A look at what's new in Galactic Civilization III: Intrigue for PC

The latest expansion for Galactic Civilizations III, called Intrigue, adds a number of welcome features to the popular turn-based strategy PC game. The entire governance system has been reworked, adding elections, cabinets, and a news network to stay in the loop of all the goings on across the galaxy. Other nice touches include new dynamic events, crises, and a galactic market for trade.

See at GOG

The full range of improvements and features added to the game are separated into the Intrigue expansion, which you'll need to buy separately, and a free update that bumps the game to 3.0. Much as you'd expect from Paradox Interactive with Cities: Skylines and Stellaris, there's something new even if you don't wish to part with cash for the latest DLC. But is the latest patch and DLC worth checking out? I spent some time getting re-accustomed to Gal Civ.


As I touched on in a piece on how Stardock is wanting to bring a little realism to the growth of an empire, the new improvements in Galactic Civilizations III make it feel like you really are growing from a single colonized planet, as opposed to a species that seems to already feel right at home in the galaxy. It's something Stellaris does well and, finally, Stardock has made some changes to bring a similar experience to its turn-based strategy title.

Choosing a government type will add limitations, bonuses, ships and other unique features to a playthrough that can alter how you approach the task at hand. Instead of following a similar strategy each time, opting to go with something a little different can really switch things up. Speaking of choice, there's quite the emphasis on ideology in Intrigue (hence the name), and you'll find yourself making some tough decisions as your empire grows in size. Are you going to kick ass or make friends?

Galactic Civilizations III Intrigue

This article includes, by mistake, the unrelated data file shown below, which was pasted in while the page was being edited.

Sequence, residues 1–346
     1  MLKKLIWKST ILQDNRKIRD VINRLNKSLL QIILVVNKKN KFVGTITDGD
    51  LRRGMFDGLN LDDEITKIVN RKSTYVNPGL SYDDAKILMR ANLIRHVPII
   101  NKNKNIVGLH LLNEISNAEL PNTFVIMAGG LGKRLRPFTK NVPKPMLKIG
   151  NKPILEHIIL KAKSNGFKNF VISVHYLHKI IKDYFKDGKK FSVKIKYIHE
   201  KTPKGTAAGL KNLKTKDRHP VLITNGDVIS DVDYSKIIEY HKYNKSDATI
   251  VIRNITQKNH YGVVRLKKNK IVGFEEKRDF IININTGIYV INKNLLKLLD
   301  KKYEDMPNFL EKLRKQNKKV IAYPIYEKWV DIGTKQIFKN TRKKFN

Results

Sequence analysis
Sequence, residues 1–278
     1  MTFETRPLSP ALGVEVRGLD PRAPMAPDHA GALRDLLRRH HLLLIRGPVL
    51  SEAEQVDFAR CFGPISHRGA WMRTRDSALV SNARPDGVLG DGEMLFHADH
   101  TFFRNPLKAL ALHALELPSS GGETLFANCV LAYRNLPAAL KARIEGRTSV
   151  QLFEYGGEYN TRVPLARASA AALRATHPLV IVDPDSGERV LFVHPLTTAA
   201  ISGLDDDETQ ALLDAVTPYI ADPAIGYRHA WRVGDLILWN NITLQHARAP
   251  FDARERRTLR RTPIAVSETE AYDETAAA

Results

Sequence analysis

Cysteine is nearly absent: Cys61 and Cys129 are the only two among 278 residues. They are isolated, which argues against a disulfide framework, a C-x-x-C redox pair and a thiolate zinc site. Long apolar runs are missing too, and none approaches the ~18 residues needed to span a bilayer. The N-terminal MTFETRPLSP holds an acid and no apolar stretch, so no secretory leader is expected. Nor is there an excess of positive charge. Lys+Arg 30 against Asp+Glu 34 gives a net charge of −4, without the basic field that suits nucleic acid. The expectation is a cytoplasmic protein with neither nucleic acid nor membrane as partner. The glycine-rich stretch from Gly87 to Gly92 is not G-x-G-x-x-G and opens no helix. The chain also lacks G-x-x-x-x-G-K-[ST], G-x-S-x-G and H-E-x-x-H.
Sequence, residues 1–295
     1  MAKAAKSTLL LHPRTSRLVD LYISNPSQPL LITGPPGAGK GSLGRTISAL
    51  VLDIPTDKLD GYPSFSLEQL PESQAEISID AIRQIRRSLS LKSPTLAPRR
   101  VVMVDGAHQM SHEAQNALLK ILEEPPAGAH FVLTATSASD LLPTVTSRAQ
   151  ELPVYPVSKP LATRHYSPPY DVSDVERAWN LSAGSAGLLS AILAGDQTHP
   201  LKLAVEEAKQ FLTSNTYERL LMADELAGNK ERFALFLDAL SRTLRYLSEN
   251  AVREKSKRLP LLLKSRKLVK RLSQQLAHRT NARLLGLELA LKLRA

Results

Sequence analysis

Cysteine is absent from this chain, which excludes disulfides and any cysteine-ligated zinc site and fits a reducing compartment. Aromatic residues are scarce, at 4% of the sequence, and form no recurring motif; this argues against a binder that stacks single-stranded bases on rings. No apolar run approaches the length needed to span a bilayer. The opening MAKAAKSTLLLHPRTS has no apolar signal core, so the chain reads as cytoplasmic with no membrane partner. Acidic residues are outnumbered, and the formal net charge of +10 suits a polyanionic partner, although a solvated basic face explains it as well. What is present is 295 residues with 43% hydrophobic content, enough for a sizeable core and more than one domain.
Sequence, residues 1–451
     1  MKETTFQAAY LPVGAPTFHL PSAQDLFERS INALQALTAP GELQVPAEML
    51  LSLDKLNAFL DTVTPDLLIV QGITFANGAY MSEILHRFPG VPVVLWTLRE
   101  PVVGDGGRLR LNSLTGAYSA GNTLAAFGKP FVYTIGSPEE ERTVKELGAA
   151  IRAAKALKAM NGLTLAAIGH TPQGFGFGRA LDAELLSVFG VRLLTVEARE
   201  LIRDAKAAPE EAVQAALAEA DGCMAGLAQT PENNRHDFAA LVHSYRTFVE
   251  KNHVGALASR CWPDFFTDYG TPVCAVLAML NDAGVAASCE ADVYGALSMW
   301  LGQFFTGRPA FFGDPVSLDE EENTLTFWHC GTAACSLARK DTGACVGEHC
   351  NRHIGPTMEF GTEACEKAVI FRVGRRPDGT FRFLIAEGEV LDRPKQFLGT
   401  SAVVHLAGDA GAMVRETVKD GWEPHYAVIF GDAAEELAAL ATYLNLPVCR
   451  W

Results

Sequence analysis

Planets you conquer or colonize will offer special attributes you can exploit by building specific buildings and approaching development with optimization in mind. But the newly-added administrators make it so you can't simply throw out countless colony ships and constructors — you've really got to plan ahead and make careful decisions, even if you aim to build far and wide. Whatever you choose to do, your people will need to be kept in mind if you plan on winning the next election and staying in power.

In my playthroughs with Intrigue and 3.0 installed, I've found myself enjoying the early and mid-game thoroughly, instead of quickly racing to get everything set up and convoys fired out to neighbors. I'd say that Intrigue is among my top choices for Galactic Civilizations III DLC, maybe even topping Crusade, though I recommend having the latter installed regardless, and you should have it if you really want to enjoy Gal Civ as the developer intended.

Buy low, sell high

Galactic Civilizations III Intrigue

Probably my favorite feature is the new galactic market. This is huge for civilizations that wish to keep things small and efficient, which is how I enjoy playing. When coming across a special resource early on, it's possible to make some coin on the market, or alternatively import resources you require. The crises are a nice touch, though I did somehow manage to encounter the same one multiple times in one playthrough, which broke immersion a little. But overall it's a good addition.

If Crusade expands on the empire building and management mechanics, Intrigue fine-tunes everything and takes it to the next level, adding in features you never knew you wanted to see. Space is big and everything you'll find within it is a result of Intrigue. Galactic Civilizations III isn't perfect, but this is yet another step in the right direction.

Intrigue is available on GOG for $19.99 and requires the base game to work.

See at GOG

Rich Edmonds
Senior Editor, PC Build

Rich Edmonds was formerly a Senior Editor of PC hardware at Windows Central, covering everything related to PC components and NAS. He's been involved in technology for more than a decade and knows a thing or two about the magic inside a PC chassis. You can follow him on Twitter at @RichEdmonds.